Effluent control is very important, whatever industry it comes from, and it is one of the areas where I am always keen to highlight good modern technology and products being used to monitor and control discharges back to the environment.

*See https://nickdenbow.wordpress.com/2008/06/05/new-techniques-in-high-vacuum-at-edwards/

A dozen Robot ‘Do’s and Don’ts’

Stirling Paatz, of robot integrators Barr and Paatz, provided tips for avoiding specification mistakes on industrial robots: these at first glance looked fairly straightforward, even back on 1 July 2008, when the article was first published.

Typically, there’s a picture of the particular model, looking sleek and stylish, unblemished by external cabling, end-of-arm tooling, feed mechanisms and safety guards.

Then there are the quoted figures: number of axes, maximum payload, reach, repeatability, maximum speed, cycle time and installation footprint.

All these specifications seem comparable, manufacturer to manufacturer, so it’s like buying a car or a TV, surely……

Actually, it’s not.

During my many years designing and commissioning robot workcells, I’ve encountered many mistakes and oversights when specifying a robot for a particular task.

Some I made myself, in the early days when robotics was still an unfamiliar technology; most I had to fix for frustrated robot buyers, whose machines wouldn’t do what they were supposed to do.

So I have assembled a dozen of the most common robot ‘do’s and don’ts’, partly to help those new to robotics avoid the worst pitfalls, but mainly to emphasise that specifying and building robot workcells is a specialist job, best left to specialists.

It’s what I do.

1) Don’t overestimate speed performance.

Although manufacturer speed data is usually honest, a robot won’t operate at full speed throughout its work cycle, nor will it interact with the workpiece at maximum speed.

You also need to allow for the gripper to secure and release the workpiece, which slows the cycle time.

True, some manufacturers do quote cycle times, based on a benchmark function, but this relates to a simple pick and place operation, not necessarily your application.

No, the only way to get an accurate estimate of speeds and cycle times is to pre-design an actual workcell simulation, which I’ll come to later.

2) Do make allowances for the end-effector.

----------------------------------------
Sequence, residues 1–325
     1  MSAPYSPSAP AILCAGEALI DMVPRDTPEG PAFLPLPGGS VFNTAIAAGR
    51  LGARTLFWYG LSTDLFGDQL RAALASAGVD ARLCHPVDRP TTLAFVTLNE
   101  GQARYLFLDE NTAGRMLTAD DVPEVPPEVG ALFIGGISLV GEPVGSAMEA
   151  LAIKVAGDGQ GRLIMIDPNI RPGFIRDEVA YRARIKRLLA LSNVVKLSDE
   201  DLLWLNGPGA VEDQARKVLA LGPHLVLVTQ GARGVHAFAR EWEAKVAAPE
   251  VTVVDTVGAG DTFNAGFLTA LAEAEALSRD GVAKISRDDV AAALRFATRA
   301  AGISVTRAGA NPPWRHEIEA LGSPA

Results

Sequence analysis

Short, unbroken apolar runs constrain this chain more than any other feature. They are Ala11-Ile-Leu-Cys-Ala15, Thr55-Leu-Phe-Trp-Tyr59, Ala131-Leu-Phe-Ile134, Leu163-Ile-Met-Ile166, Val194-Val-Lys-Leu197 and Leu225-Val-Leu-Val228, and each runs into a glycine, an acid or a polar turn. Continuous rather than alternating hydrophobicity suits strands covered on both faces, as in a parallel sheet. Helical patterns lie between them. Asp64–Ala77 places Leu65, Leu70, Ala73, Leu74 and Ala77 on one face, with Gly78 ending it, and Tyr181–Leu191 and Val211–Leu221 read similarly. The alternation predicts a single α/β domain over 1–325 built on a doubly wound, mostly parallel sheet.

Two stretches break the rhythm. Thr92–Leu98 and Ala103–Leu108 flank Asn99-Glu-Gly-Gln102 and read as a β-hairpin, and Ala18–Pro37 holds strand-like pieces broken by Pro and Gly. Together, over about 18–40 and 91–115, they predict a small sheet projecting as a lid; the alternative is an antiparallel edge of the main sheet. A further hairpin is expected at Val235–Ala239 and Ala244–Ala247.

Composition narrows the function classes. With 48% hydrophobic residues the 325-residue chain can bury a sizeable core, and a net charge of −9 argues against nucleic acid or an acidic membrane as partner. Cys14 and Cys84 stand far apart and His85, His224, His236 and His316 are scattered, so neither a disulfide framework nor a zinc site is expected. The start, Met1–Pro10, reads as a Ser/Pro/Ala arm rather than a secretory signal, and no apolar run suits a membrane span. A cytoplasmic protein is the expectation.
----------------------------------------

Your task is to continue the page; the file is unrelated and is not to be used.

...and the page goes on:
The end-effector is the end of arm tooling that grips the workpiece, usually by means of grippers, suction or magnetics.

The gripper or vacuum cup needs to pick up the workpiece with sufficient force for the weight of the object, but without too much aggression that it marks or damages the object.

You also need to take into account the robot acceleration forces during a high speed work cycle, which can actually lever open grippers or peel the workpiece straight off the vacuum cup.

The weight of the end-effector, together with its cable or hose, needs to be added into the equation, when specifying the machine, which leads to…

3) Don’t underestimate payload requirements.

A common specifying error is to omit the weight of the end-effector and associated cabling when calculating payload.

A robotic gripper, which employs jaws or fingers to hold the workpiece, can weigh several kilos, which is why lighter vacuum cups are often specified, although they require vacuum generators and hose that must also be factored into the payload.

Kinetic forces generated by off-centre payloads, as well as torsional forces created at the extreme end of the robot arm travel, should also be accommodated in your calculations.

Remember too that the maximum payload is just that, an occasional maximum limit, not the normal operating capacity.

4) Do take the robot arm into account.

If you’ve ever played snooker in a room that was too small or tried to saw wood tight against a wall, you’ll appreciate what I mean.

A robot, especially a 6-axis articulated robot, has an arm mechanism very similar to a human arm, complete with jointed elbow.

It has a large work envelope, almost spherical in shape, and the end-effector can be manipulated to any position or orientation within that envelope.